Ongoing since 2012, the Real DMZ Project interrogates the demilitarised zone (DMZ) between North and South Korea through annual, research-based exhibitions that bring together the works of Korean and international artists. Sunjung Kim, the independent curator behind the project, conceived the idea of exploring the DMZ while curating Japanese artist...
London's galleries and museums are gearing up for a lively October, with Frieze London and Frieze Masters running between 3 and 6 October 2019 at Regent's Park, along with 1-54 Contemporary African Art Fair, taking place across the same dates at Somerset House; and the tenth anniversary of the Sunday Art Fair, showcasing new and emerging artists...
Mark Bradford walks through Mark Bradford: Los Angeles Mark Bradford: Los Angeles at the Long Museum West Bund in Shanghai (27 July–13 October 2019) is the artist's largest solo exhibition to date in China. In this video for Ocula, Bradford and Diana Nawi, curator of the show, walk through selected works that convey the artist's concerns with...
303 Gallery is pleased to announce our second exhibition of new work by Elad Lassry.
A boundary-straddling artist whose work problematising the notion of a picture has carved out new dimensions in photographic discourse, Lassry creates interruptions and tension in evaluating images and objects. Referring to his pictures as 'units,' his works establish and aggregate an archival syntax that pushes photographs into other things, a destabilisation where each specific picture is both present and absent and simultaneously implicates other proposals.
For this exhibition, Lassry shows photographs and sculptures that alternate between flat experience and dimensionality. Black and white photographs of ski sets and boots bear signs of erasure or intervention, and outtakes from an imaginary fashion shoot are pieces of information suggesting systems much larger than themselves. In the centre of the gallery, a line of discarded hollow air compressors with incongruous lids made of cushiony polyester fibre gestures toward a proposed space of meaning, where what is experienced and documented have shifted. They exist in the realm of suggestion, where every possibility of intersection is valid, where the ghost of one system posits the limitations of the next. To this effect, the photographs of boots in a different series of pictures are studded with steel and collide with categorical images of sea life. Large stacks of carpet function as stations of oscillation, interrupting sightlines for viewing the photographs while compressing their own existence in space.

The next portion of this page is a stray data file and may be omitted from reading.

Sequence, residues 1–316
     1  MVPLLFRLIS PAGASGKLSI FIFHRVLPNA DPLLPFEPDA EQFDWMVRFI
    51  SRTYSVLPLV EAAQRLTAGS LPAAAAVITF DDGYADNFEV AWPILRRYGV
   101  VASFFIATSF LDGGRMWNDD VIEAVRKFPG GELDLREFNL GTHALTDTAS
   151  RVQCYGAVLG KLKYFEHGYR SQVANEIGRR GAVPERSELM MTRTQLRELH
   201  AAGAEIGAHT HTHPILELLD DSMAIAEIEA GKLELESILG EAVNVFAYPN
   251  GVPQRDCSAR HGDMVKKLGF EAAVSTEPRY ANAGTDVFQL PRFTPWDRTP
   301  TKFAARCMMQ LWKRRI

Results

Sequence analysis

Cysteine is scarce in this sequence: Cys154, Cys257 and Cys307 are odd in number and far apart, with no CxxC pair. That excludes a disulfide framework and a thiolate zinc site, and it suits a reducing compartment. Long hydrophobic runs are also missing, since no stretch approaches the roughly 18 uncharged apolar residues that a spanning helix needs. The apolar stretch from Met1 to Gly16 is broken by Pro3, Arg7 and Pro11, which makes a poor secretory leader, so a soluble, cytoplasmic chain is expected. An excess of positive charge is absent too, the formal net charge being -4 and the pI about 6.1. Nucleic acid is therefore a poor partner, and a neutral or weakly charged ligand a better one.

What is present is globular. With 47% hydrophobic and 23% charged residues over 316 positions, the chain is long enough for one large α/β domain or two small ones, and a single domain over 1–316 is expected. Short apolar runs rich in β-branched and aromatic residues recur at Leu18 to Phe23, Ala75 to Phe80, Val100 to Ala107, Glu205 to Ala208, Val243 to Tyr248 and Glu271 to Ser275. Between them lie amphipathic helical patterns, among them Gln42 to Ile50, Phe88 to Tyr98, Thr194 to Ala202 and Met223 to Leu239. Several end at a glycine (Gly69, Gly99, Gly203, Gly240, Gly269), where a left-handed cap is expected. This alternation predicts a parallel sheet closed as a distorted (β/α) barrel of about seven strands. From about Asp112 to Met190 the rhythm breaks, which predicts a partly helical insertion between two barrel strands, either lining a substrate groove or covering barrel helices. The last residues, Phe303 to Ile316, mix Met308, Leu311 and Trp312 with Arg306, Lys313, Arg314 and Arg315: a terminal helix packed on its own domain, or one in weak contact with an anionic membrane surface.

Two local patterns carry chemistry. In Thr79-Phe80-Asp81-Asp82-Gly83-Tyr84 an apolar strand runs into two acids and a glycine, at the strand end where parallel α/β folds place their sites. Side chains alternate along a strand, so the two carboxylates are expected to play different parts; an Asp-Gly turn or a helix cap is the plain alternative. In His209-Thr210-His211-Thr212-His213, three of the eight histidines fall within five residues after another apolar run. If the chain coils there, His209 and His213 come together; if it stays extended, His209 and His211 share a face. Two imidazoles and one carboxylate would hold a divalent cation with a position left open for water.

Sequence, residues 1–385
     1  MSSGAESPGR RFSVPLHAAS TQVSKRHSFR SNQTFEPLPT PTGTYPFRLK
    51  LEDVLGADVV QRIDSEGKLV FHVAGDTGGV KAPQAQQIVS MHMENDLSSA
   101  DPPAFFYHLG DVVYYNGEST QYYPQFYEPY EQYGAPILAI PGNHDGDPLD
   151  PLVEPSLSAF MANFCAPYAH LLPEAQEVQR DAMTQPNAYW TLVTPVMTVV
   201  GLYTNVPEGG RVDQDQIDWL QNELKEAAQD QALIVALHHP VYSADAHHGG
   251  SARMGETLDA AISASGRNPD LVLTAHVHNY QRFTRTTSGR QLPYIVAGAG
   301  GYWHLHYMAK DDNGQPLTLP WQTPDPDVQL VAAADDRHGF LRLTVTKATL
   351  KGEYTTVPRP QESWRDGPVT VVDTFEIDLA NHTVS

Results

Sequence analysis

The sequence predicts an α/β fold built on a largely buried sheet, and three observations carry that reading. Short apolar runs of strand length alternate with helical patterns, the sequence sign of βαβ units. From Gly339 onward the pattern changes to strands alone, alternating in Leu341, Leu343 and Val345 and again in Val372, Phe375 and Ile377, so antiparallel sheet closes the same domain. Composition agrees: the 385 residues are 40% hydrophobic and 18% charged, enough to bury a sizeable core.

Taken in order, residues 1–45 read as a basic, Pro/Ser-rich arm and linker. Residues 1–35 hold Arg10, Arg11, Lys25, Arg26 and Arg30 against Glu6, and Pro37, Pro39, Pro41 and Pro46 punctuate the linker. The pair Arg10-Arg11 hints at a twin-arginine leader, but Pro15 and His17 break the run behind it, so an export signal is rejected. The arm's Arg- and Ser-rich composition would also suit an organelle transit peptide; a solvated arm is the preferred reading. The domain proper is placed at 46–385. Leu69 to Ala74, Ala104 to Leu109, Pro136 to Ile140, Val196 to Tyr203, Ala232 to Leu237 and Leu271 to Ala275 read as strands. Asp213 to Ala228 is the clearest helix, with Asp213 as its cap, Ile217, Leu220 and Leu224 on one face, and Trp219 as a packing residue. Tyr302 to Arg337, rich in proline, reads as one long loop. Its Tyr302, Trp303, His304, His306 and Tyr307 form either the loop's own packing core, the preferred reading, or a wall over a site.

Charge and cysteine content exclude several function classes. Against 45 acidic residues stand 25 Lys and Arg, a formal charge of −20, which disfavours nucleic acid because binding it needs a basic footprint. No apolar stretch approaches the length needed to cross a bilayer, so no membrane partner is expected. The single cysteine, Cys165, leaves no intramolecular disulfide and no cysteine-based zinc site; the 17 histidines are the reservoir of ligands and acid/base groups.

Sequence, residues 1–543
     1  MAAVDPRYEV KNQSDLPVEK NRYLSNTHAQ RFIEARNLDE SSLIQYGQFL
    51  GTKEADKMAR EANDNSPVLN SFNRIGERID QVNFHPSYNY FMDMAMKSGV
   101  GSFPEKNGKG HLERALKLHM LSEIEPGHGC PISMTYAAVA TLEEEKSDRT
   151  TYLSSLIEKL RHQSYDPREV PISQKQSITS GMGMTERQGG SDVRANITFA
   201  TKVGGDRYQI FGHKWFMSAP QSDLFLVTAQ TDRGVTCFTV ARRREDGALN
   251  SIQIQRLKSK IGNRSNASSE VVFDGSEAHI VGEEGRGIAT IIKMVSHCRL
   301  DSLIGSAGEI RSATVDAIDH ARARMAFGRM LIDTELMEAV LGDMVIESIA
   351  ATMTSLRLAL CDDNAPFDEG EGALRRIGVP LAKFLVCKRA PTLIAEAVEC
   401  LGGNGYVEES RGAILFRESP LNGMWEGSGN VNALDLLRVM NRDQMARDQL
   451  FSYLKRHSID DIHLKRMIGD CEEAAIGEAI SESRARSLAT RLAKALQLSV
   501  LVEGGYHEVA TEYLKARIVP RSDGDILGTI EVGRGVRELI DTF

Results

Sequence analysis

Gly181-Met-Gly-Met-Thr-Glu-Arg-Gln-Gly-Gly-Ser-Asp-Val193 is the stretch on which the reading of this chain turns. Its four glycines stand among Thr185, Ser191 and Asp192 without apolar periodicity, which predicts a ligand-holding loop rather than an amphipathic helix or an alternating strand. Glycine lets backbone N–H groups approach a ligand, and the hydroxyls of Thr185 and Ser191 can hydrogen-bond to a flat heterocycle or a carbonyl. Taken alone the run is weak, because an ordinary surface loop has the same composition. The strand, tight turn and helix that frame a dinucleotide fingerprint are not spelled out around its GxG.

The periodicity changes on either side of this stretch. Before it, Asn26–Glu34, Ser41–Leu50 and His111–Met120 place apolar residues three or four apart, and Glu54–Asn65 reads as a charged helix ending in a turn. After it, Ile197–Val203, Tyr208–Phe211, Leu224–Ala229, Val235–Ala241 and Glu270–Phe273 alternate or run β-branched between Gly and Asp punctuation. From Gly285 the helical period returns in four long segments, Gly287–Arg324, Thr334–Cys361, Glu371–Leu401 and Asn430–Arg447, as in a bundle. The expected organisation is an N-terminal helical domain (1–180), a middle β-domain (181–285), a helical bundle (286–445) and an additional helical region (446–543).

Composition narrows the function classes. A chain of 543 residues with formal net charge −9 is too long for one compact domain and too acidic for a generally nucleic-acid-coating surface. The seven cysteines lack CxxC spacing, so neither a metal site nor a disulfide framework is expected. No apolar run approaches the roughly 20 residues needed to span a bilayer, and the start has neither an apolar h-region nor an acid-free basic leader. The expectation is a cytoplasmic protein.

Lassry's work questions whether a picture can have dimension, whether an object can be flat. In Photoshop, flattening an image is the final step before printing, a collapsing of layers into one plane. This counterintuitive gesture can be seen reclaimed in Lassry's work. As images have proliferated beyond comprehension, as doubt has been sown into the veracity of any picture, Lassry proposes that each layer suggests another layer, that images should become objects while reality and representation become more aleatory.
Elad Lassry was born in Tel Aviv, Israel and he lives and works in Los Angeles. He has exhibited internationally including solo shows at Le Plateau, Paris (2018); Vancouver Art Gallery, Canada, curated by Jeff Wall (2017); Museum Boijmans Van Beuningen, Rotterdam (2014); Kunstnernes Hus, Oslo (2012); and Kunsthalle Zurich, Switzerland (2010). Group exhibitions include Walker Art Center, Minneapolis (2016); Solomon R. Guggenheim Museum, New York (2015); The Museum of Modern Art, New York (2014); Turner Contemporary, Margate, UK (2013); The Jewish Museum, Vienna (2012); 54th Venice Biennale (2011); The Photographers Gallery, London (2011); Aspen Art Museum, Colorado (2011); Sculpture Center, New York (2010); and New Museum, New York (2009).
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